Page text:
Price is one of the main factors driving consumers’ choice of grocery store, and the current wave of inflation and economic uncertainty have made it all the more important. But consumers take a long time to change their perceptions. They build impressions over numerous store visits and are usually quite confident that they already know where they can find the best value.
The task for grocers is to identify what are the strongest influences on consumers’ perceptions. This entails taking into account factors such as value strategy, promotions, and communication. Understanding these elements, and how to best manage the levers, is the best path to boosting sales.
The effect of price on consumer perception
Decades of Oliver Wyman primary research suggests that a grocer’s influence on its consumer price perceptions involves several factors with distinct effects. Product assortment and base prices, for example, contribute strongly to long-term price perception but have only a moderate impact in the short-term. Promotions and loyalty programs, in contrast, can boost sales rapidly by providing immediate, short-term value – but have little lasting effect. The levers can be seen as inversely related lines of the contribution to the price image and the short-term elasticity of the efforts. (See Exhibit 1.)
Value strategy requires understanding which levers to use when, and how to balance them. First, a grocer needs to be clear about what it is trying to achieve, over what period of time, and with what financial means. Then it can apply a smart combination of measures for maximum, sustainable effect. Finally, in order to get credit for the changes being made, it needs to strongly communicate on value to its shoppers.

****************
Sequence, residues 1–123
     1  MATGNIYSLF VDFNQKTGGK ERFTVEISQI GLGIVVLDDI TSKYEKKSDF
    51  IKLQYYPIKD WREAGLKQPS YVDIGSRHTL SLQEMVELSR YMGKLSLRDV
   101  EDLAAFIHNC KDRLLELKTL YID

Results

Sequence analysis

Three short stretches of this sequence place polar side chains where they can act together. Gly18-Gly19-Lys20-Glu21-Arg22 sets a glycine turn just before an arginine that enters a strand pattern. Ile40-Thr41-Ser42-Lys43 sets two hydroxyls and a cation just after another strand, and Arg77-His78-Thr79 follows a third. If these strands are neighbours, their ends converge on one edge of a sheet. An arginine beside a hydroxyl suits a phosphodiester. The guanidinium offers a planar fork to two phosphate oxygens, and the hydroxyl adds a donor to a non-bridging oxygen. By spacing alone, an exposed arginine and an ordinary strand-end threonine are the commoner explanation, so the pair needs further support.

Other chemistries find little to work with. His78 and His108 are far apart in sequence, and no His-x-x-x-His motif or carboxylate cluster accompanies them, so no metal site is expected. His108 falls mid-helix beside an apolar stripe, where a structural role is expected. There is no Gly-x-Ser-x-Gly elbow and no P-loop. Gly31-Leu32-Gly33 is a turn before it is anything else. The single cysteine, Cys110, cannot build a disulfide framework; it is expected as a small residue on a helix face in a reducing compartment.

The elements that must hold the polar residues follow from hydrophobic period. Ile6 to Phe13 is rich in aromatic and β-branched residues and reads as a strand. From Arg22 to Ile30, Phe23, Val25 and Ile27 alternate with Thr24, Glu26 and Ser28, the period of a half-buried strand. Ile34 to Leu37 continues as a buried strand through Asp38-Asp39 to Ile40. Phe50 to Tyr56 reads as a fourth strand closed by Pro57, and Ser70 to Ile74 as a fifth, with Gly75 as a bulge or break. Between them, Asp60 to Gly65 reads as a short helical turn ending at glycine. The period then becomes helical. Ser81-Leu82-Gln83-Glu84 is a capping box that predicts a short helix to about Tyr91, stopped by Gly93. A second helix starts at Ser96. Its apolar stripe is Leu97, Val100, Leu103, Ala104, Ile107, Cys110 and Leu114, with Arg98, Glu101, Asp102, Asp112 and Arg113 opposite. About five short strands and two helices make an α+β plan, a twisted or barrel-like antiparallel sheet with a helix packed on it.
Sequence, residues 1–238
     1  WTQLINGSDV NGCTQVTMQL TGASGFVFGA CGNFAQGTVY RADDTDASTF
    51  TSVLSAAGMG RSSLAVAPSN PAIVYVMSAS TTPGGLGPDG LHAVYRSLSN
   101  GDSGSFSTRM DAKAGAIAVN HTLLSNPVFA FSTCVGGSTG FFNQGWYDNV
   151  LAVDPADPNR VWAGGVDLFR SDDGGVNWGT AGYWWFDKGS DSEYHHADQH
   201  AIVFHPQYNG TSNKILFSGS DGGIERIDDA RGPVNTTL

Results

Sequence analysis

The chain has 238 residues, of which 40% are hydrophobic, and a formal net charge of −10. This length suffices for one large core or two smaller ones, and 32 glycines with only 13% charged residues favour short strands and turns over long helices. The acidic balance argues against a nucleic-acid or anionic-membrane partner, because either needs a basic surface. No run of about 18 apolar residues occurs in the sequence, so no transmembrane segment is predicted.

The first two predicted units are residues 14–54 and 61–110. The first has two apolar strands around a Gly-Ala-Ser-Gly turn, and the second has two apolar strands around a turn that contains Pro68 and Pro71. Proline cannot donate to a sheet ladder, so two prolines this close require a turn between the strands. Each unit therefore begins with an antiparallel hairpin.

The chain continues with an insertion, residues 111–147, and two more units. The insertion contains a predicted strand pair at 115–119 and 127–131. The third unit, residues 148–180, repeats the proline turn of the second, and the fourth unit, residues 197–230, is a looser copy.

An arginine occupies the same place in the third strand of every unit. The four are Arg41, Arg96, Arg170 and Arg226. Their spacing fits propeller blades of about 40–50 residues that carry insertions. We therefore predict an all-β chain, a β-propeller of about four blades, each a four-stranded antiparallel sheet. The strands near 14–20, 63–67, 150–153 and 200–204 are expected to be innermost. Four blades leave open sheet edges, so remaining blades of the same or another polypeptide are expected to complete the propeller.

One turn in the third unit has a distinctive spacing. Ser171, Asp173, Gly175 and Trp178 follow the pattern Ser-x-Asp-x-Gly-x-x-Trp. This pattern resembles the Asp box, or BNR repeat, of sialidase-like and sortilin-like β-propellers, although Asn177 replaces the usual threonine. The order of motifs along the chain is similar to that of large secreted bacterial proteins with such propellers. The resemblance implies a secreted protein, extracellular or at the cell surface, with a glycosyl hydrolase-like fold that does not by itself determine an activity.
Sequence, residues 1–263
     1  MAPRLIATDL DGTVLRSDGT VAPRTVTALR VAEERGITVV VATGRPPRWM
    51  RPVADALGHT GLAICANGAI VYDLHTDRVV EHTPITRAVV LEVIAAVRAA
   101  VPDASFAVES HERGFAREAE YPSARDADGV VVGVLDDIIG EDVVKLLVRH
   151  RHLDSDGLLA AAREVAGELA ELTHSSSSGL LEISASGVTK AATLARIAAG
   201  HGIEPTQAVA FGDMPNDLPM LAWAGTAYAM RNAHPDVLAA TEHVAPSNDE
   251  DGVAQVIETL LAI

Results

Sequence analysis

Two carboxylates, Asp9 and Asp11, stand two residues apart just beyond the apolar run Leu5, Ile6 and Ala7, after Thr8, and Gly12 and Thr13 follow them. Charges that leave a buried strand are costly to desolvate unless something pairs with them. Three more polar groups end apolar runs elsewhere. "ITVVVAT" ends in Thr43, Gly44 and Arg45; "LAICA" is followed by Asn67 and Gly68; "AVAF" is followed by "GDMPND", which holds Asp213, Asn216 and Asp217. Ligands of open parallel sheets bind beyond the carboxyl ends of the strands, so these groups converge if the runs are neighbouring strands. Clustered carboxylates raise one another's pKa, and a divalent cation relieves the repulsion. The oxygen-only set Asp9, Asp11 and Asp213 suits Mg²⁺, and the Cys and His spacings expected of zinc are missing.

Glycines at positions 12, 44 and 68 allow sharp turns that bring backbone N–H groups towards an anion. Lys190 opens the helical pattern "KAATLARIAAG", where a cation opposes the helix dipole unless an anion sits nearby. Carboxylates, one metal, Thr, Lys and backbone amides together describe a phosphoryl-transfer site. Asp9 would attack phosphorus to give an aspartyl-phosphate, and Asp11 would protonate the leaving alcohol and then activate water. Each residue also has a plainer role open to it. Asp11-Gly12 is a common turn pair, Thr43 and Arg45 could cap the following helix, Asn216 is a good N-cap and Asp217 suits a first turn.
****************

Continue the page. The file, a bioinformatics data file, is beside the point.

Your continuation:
Four effective levers to maximize value strategy
Value assortment benefits from a strategic product mix and private brands
The foundation of a grocer’s price image is what products it chooses to sell. A wide, low-cost assortment can be a powerful driver of awareness and traffic. That starts with a range skewed heavily toward entry- and average-price points. Given a typical three-tiered framework, a retailer with an assortment skewed heavily towards “good” products tends to benefit from better price perception than one in which the selection leans towards “better” and “best,” even if those higher-end products are priced competitively.